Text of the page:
Friday, December 4, 2009

Blushing Letters: Meal planning

A recent dinner at our place: Braised chicken in sage, lemon, and white wine reduction, potato and spinach gratin, baby greens, artisan rolls.

I show you this because have this letter from Amy, a long time friend of this site who has been very gracious in waiting for a response:

Dear Catherine,

I can't tell you how much I admire your ability to cook beautiful meals! My mom was a busy teacher with four children to care for, so we always had the same five dishes on rotation. I've learned to be more varied, but I run into trouble when it comes to menu planning. How do you do it--in terms of planning for the week? Sometimes I am motivated, and buy the ingredients for the different recipes, but end up spending much more than usual, and end up with many left-over fresh ingredients that don't keep. For example, some recipes call for one stalk of celery, but one stalk can only be obtained in a bunch. Am I making sense? I apologize...I want to provide well for my family, it's hard figuring this out (and my husband is a vegetarian who will occasionally eat fish). Thank you, and of course I understand if you are too busy to respond.



You have greater challenges than I in this regard, still, I am hoping some of these suggestions help.

1. Develop a skill set

a. Truly understanding the principles of roasting, sauteeing, and grilling will help you to vary your meals according to seasonal produce availablity and offer you a wider range of dishes. A couple of reference texts I could not do without include Cooking, by James Peterson and Roasting, by Barbara Kafa. But there are myriad resources, truly.

Once you have a solid basic command of these principles, things become clearer in the market and in the kitchen.

b. One of the most critical skills to varying your meals, especially with regard to vegetarian food, is to master the art of sauces (including marinades and dressings) to broaden flavor components without necessarily adding time. Sauces by James Peterson is the best text I have found on this subject.

2. Keep a well-stocked pantry, fridge door, and kitchen garden

a. The availability of a variety of ingredients from a number of different regional styles you enjoy widens your offerings. If you shop for these in Asian and Latin markets, the price will be markedly less than supermarket chains.

b. If there are only a few ingredients which make a huge difference and I have on hand at all times, they are: red and white wine, lemon, olive oil, cream, parmigianno-regianno.On a desert island, they would change everything.

c. Keep a small kitchen garden year round of herbs, at least. Keeping pots small allows you to bring herb plants in and elongate their life. Keeping a little garden on the whole is essential to freshness but also more economical than stores: Have your own fresh ingredients on hand, dry your own, and always have herb staples available.

3. Shop smart for your health

a. Shop the outside isles. Take a really good look at your market. The healthiest items are around the outside: Produce, protein, dairy. The isles full of pre-packaged food in between are next to worthless for me but for canned tomatoes and dried pasta. When you truly shop for ingredients you work more to get good food on the table but you control the sodium and fats now, not Oscar Meyer - to your point on providing well.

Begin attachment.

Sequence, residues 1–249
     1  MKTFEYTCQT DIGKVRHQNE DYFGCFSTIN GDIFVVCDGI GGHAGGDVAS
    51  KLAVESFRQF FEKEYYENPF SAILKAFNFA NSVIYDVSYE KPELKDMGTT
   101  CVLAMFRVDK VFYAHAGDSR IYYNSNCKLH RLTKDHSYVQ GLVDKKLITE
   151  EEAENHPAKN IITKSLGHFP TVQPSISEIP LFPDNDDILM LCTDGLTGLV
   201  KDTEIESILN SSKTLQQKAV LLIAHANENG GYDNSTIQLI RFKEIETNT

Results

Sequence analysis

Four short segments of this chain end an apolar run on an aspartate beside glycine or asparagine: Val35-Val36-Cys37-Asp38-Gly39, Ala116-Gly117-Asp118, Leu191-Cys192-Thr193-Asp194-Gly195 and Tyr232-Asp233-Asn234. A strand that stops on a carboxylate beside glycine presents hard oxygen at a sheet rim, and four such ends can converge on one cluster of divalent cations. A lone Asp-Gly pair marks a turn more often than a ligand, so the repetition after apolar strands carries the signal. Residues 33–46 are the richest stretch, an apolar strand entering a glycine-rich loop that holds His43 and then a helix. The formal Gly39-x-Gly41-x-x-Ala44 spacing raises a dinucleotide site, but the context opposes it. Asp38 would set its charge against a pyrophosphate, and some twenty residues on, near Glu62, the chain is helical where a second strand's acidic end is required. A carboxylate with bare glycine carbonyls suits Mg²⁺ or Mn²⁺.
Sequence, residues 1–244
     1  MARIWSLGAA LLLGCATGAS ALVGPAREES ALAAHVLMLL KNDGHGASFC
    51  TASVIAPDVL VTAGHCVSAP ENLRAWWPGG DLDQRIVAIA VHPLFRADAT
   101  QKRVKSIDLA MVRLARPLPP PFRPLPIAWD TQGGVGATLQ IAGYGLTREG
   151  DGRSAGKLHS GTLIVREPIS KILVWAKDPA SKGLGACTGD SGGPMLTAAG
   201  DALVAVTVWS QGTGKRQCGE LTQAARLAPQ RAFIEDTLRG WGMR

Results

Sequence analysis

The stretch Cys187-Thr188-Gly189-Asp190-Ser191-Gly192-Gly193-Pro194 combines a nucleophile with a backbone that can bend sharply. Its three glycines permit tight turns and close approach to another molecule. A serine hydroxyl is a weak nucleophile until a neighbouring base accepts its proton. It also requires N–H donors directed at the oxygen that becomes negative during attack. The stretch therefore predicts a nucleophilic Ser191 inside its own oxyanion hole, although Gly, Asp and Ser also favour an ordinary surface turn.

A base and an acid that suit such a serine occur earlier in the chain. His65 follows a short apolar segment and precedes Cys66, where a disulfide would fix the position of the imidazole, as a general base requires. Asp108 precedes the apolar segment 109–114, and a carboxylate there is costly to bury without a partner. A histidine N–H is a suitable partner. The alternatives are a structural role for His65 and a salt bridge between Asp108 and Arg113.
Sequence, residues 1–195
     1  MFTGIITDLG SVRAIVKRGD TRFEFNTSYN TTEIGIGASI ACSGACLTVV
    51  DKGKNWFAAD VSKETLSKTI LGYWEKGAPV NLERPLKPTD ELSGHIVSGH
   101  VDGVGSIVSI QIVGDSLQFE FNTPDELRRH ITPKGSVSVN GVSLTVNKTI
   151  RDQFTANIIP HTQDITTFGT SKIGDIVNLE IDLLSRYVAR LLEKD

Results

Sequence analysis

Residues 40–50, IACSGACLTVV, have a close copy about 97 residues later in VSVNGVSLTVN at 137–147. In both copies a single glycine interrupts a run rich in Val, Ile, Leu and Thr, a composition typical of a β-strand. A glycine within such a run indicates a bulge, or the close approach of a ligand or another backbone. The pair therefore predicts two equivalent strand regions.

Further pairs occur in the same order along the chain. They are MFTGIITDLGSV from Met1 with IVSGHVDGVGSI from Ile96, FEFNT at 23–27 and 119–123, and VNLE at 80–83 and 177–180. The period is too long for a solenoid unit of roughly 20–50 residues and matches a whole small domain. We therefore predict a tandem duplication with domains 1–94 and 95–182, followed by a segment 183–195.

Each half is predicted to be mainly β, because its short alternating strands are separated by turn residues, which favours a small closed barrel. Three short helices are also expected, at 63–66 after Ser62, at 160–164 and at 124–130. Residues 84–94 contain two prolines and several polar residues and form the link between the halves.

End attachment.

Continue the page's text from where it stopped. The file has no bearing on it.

b. In those outside isles buy seasonally heaviest: The quality of in-season is better and the prices more manageable. Once you have those basic cooking skills in hand you will love roasted marinaded veg which will be a great soup or pilaf combination as a leftover. Half a squash is ravioli a few nights later. Left over salmon becomes a brilliant croquette under dill sauce (because you totally know your way around a saucier now, right, girl?).

4. Work ahead.

a. You can absolutely cut and freeze produce staples: Celery, onions, carrots. You do not have to defrost them to throw them in a recipe but you do have to account for this by lengthening the cooking time to be sure they are cooked and to reduce the additional water which will accompany them from the freezer.

This is not ideal for me, frankly, I am more likely to use Green Bags to hold off decay as long as I can or buy smaller onions loose rather than bags. I am really attentive to correct storing enviornments and can generally use most things I bring into the house in time. Although I cannot say the same for the stuff on the fridge door.

b. Robin Miller's work: I know people who, purely on the basis of how thin she is, will not read her book. But she is a nutritionist and a creative cook. If I could get the whole world to trade in Sandra Lee for Robin Miller's work and her organized work-ahead balanced meals, I would save a lot of lives from heart disease. Her strategies make perfect sense and are economically sound. Her food is so much healthier than anything pre-made. Her book, Quick Fix Meals is my gift to all new working Mother's. Sound advice, seriously. Vegetarians will see many places where you can swap in portobello, tofu, or fish.

In the category of good, clean minimal cooking instruction is virtually any of Donna Hay's books. For the most part, the ingredients are easy to find and the dishes easy to plan for and execute on a weeknight.

Foresight is key in minimizing waste and creating economies: If you can stand to buy in bulk and freeze some proteins that is best. If not, cook twice as much protein or veg initially and use the remainder in pasta dishes, casseroles, stuffed vegetables, and soups.